276 Followers
48 Following
Hoss

Monkeypanic

"Mommy, where do Neocons come from?"

The Forty Years War - Len Colodny, Tom Shachtman

A bit dry in parts, but this was overall a satisfactory explanation to me for the origins of the "Neocons" (i.e. Neo-conservative Republicans in the American political system)- with particular attention to their worldview (essentially America-centric, embracing the ideas of American exceptionalism, and a "might makes right" attitude which is enamored of any application of military force, and disdainful of diplomacy as inherently weak and compromising).  The short answer is that most of their ideas are traceable back to a foreign policy expert named Fritz Kraemer who first came onto the American political stage in the late 1940's. This is a name I hadn't heard before, as many Americans haven't, because he intentionally kept a low profile. He wore dual hats as an academic and a foreign policy advisor to Presidents from Eisenhower through George W. Bush.  ...And none of us might have ever known who he was, except one of his young protégé was embraced by the Rockefeller family, who launched his political career into the stratosphere.

 

That would be Henry Kissinger I'm talking about. 

 

After giving us the background on Kraemer and Kissinger, the book becomes a linear narrative, tracing the growing influence of Neoconservatism through the Nixon, Ford, (not so much Carter), Reagan, Bush I, (not so much Clinton) and Bush II years.

 

What was most intriguing to me is how officials infected with the Neoconservatism "bug" elevated this philosophy over the partisan loyalties which had put them into public office to begin with.  The text is seriously chock-a-block with Republican Neoconservatives undermining- almost downright sabotaging- the Republican Presidents they serve, in order to advance the cause of Neoconservatism.  I hadn't pegged Nixon as a wimp who was giving away the Free World to the Soviet Union... but that's how Neoconservatives saw him.  Consequently, we have White House Chief of Staff Al Haig actively fanning the flames of the Watergate investigations, and encouraging the impeachment proceedings which would drive him from office.  Later, we see another White House Chief of Staff-  Dick Cheney, as well as Secretary of Defense Donald Rumsfeld (these names keep recurring throughout the book) -foiling communications in the Ford administration because he isn't as aggressive towards the Soviet Union as they would like. (I seriously get the impression that Rumsfeld and Cheney wouldn't have been happy with anything short of Ford starting a nuclear war.)  It's not just a few incidents; it's one of the central and recurring themes of the book.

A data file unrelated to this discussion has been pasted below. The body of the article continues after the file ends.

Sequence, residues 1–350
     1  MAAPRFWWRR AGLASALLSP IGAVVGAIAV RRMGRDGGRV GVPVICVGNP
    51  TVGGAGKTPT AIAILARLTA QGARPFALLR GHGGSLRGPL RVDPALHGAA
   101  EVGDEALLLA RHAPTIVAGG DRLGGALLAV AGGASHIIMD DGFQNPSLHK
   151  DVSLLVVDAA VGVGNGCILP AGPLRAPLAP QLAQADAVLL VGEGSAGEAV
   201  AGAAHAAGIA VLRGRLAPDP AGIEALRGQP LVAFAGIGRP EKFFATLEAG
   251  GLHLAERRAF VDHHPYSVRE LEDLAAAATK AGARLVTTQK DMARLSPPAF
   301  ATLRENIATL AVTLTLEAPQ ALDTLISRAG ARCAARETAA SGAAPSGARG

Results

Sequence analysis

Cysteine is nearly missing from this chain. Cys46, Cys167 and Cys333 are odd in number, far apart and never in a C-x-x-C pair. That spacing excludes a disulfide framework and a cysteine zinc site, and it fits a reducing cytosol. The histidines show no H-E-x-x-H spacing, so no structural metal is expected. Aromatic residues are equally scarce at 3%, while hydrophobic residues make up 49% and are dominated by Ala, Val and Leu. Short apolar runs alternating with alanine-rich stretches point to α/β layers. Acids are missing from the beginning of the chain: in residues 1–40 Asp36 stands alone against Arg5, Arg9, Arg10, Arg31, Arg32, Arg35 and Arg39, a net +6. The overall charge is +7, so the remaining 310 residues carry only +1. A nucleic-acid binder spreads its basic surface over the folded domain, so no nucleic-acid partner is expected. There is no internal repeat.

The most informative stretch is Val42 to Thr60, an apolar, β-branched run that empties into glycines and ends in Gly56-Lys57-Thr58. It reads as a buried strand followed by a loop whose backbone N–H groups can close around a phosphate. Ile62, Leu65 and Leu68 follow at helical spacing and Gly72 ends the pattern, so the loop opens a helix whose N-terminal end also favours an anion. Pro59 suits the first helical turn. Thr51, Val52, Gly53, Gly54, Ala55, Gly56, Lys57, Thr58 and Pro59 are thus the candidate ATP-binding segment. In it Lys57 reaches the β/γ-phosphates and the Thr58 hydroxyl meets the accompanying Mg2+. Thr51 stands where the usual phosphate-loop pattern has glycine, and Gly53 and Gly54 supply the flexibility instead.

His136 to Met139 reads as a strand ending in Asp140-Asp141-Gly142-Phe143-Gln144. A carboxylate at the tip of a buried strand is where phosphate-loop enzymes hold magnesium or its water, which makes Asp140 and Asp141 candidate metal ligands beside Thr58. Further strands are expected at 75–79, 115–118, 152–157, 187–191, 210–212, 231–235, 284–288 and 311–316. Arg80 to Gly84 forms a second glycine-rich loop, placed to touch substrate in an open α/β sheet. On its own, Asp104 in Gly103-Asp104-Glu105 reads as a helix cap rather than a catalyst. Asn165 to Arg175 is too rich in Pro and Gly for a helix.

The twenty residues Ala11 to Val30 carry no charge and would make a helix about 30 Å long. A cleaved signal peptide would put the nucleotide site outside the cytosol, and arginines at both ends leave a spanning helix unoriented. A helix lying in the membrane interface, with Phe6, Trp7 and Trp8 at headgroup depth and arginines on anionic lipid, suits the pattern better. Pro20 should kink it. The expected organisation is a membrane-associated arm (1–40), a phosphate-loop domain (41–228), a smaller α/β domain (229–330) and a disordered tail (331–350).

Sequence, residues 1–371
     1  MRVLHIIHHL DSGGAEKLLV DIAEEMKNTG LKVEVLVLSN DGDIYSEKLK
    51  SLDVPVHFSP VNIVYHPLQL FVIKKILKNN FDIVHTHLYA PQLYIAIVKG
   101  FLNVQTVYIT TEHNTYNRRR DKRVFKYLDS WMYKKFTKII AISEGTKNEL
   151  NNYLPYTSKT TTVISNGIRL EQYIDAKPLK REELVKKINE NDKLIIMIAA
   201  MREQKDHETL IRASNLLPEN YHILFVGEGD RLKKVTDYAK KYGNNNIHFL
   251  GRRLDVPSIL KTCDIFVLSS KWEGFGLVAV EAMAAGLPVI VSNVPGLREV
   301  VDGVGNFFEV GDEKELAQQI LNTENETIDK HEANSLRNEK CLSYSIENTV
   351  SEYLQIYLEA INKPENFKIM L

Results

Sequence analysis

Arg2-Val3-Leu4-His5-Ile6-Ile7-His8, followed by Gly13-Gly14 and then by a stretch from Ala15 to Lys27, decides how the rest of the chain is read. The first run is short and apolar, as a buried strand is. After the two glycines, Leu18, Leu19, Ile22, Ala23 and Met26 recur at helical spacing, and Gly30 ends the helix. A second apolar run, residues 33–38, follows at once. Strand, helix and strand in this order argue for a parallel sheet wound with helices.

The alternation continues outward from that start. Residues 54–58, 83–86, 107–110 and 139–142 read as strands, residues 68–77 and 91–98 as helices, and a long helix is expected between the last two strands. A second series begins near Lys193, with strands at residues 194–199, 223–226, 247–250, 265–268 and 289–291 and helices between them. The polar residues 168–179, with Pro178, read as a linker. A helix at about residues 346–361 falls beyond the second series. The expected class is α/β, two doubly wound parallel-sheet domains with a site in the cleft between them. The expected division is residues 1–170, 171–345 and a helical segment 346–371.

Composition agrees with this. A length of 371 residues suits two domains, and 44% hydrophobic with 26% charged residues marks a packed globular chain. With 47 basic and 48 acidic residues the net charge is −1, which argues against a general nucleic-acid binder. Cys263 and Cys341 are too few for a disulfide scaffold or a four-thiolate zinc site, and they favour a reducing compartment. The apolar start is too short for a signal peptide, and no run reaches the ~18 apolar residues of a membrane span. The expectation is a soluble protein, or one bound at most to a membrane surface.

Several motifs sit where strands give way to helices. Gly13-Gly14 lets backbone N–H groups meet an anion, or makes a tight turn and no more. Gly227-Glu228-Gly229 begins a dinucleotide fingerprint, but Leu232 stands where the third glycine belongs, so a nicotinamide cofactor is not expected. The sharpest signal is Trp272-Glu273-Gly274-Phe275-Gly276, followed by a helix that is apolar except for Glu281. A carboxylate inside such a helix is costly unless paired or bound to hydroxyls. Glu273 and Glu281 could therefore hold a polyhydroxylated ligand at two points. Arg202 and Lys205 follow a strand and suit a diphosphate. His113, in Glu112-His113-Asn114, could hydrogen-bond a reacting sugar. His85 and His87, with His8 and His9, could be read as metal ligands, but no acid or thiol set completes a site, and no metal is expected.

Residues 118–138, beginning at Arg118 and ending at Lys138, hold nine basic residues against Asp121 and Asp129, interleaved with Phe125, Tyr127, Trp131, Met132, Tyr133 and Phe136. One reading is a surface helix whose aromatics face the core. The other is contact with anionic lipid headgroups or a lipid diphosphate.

One of the nagging contradictions of Neoconservatism is that all the while they are undermining the Presidents they serve, they are simultaneously pushing for a vision of government in which a stronger Executive branch operates free of checks or oversight by the (supposedly coequal) Legislative and Judicial arms of government. This is the idea of the "Unitary Executive", and even in the distorted reality of a Neoconservative, it is completely myopic. The American political process more or less guarantees that eventually a non-Neoconservative President will come into power, and I can't imagine that Cheney, Rumsfeld, or any of their ilk would want a liberal Democrat (or worse!) acting as an unchecked Unitary Executive. 

 

Eventually the Neoconservatives come into their own in the the George W. Bush administration, and- a bit too conveniently-  9/11 gives them carte blanche to put their philosophies into practice. I'm not spoiling anything by telling you that in 8 years, they managed  to completely discredit everything they had been advocating for the previous forty. 

 

At least that's how the author tells it.  Neoconservatism has been decisively discredited in my and many other peoples' minds, but I'm not so sure it's gone and forgotten as a movement. The persistent popularity of politicians like John McCain (who was re-elected to the Senate in 2010) makes me think Neoconservatism hasn't been nearly as discredited in the mainstream public eye as it deserves. It may yet come back to haunt us.

 

As a side-issue, this book does not intentionally dwell on 9/11, and the author gives no indication that he disbelieves anything about the official story of what happened on that day, but if you are inclined towards skepticism (as I am), there is plenty in here to suggest that the Bush II administration intentionally let its guard down, to allow something (they may not have known exactly what) to happen, which would give them a casus belli to return to Iraq and (in the Neoconservative mind) "finish what [George W. Bush's] father started."